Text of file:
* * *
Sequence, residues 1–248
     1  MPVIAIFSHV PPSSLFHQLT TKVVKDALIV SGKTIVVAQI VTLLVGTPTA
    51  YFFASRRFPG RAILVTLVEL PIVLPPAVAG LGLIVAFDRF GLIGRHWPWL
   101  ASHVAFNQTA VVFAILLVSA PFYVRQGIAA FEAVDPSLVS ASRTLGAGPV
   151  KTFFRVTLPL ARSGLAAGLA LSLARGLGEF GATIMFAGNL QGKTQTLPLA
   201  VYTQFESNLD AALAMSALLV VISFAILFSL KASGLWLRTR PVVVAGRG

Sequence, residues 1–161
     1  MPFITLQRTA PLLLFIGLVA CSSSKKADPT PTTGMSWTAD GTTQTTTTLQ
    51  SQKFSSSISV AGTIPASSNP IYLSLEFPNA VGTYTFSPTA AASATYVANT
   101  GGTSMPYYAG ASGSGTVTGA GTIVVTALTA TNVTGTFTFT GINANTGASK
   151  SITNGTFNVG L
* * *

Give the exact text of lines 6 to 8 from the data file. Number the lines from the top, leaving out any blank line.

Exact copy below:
   201  VYTQFESNLD AALAMSALLV VISFAILFSL KASGLWLRTR PVVVAGRG

Sequence, residues 1–161
     1  MPFITLQRTA PLLLFIGLVA CSSSKKADPT PTTGMSWTAD GTTQTTTTLQ